The Alley Dwelling Authority (ADA), created by Congress in 1934, accelerated the downfall of these intimate alley neighborhoods. Established with the intention of ridding the city of the predominantly black alley communities, which were often seen as dangerous slums by those on the outside, the ADA facilitated the demolition or sale for private redevelopment of thousands of alley residences throughout the city, forcing many working-class families from their homes.

Today, over 1,200 of these historical alleyway structures, including alley dwellings, stables, warehouses, and garages remain in the District. Perhaps in a nod to the cultural fabric of DC’s alleyways or in keen recognition of the potential of this dense land use, many developers have begun to imitate or embrace the city’s extant alley structures, and in doing so have successfully forged some of Washington’s most popular cultural destinations. Nevertheless, visiting some of even the most renown alley destinations (such as The Dabney in Blagden Alley, which holds a spot on the city’s growing list of Michelin starred restaurants) feels like uncovering a secret past.

Tucked inside of a large city block, Blagden Alley conceals garages-turned-offices and homes, the DC Alley Museum, and some of Washington's best known restaurants. Once derided as a "blind alley" that bred crime and disease, the alley now draws people from all over the city to linger, snap photos, and chat.

In a rapidly growing city with 700,000 residents and soaring property values, an unmet need for housing—particularly affordable housing—in DC’s urban core has come to the fore once again. Today’s need for increased density and additional affordable housing has not been lost on current Washingtonians, many of whom have been forced to seek cheaper housing in DC’s sprawl, nor policymakers, who have proposed numerous creative solutions to the housing crunch (including one bill that took aim at vacation rentals) with meager success. Development of alley-facing lots for residential or commercial uses may offer a nostalgic solution to the city’s demand for land and rising inequity, and one that is widely appealing and people-friendly.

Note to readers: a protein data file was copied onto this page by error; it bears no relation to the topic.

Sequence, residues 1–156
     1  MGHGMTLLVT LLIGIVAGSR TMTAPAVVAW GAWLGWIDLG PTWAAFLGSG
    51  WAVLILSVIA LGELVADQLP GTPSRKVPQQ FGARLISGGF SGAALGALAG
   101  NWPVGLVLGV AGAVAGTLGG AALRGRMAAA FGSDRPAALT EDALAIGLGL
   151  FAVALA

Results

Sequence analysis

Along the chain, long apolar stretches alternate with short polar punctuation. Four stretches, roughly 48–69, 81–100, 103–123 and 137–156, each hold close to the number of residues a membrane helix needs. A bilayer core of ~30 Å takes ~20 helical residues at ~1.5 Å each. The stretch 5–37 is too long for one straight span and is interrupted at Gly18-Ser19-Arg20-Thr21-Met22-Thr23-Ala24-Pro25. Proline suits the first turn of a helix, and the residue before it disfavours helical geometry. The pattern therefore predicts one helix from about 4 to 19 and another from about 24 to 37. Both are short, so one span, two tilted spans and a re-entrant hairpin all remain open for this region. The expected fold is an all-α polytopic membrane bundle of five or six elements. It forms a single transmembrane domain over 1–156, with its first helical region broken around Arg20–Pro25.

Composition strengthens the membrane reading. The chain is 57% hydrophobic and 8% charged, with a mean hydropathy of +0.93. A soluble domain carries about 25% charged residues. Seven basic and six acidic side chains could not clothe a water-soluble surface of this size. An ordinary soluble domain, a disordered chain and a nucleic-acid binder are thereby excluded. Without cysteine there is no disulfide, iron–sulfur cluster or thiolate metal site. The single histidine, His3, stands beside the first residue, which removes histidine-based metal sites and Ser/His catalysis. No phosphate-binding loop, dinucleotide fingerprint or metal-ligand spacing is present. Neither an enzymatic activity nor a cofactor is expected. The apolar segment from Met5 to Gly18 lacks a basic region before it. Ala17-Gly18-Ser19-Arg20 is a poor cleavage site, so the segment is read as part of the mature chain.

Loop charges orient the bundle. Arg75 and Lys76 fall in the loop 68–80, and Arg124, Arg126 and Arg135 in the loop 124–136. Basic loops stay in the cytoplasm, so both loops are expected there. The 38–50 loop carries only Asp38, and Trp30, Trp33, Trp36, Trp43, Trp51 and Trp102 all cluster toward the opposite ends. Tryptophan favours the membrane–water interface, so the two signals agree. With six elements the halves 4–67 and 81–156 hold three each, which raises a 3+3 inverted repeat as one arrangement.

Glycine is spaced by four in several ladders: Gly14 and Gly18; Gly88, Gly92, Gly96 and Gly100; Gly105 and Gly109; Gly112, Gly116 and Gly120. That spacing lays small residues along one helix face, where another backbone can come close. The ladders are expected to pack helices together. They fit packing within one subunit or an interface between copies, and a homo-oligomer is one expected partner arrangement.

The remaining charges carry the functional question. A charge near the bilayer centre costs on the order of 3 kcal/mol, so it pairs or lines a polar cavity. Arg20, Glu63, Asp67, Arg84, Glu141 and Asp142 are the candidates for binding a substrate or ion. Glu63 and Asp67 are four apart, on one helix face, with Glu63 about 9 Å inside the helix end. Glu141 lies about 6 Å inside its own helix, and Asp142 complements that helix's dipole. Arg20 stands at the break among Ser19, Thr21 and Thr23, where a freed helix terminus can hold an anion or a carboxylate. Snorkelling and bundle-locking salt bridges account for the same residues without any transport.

Palmer Alley is the main thoroughfare of City Center DC, a mixed-use, pedestrian-friendly development that opened in downtown Washington in 2015. The alley, which is lined with high-end shops and restaurants, demonstrates the appeal and popularity of alley-centered development.

However, density-increasing development faces many challenges in DC and in cities throughout the U.S. In wealthier DC neighborhoods where attached, single family homes dominate the architectural fabric, residents object to development for fear of obscuring the character of their historic neighborhoods. Though the alley revitalization solution may temper this fear, zoning codes have been slow to keep pace with the needs of the growing cities of today; until 2016, development of structures on alley lots in DC was highly restricted due to the legacy of conventional, separate-use zoning in DC, and property owners still must navigate the municipal bureaucracy to bring an alley-facing development to fruition.

Many cities around the country are beginning to see the benefits of learning from development patterns of the past. The continued reactivation, preservation, and restoration of alleys represent not only an opportunity for the District to turn back towards its “walking city” roots, but a lesson for all burgeoning cities: by reclaiming alleys as the heart of our blocks rather than as neglected backroads, cities can foster community and inclusivity through new shared spaces, and facilitate the development of housing and commercial properties on a human scale.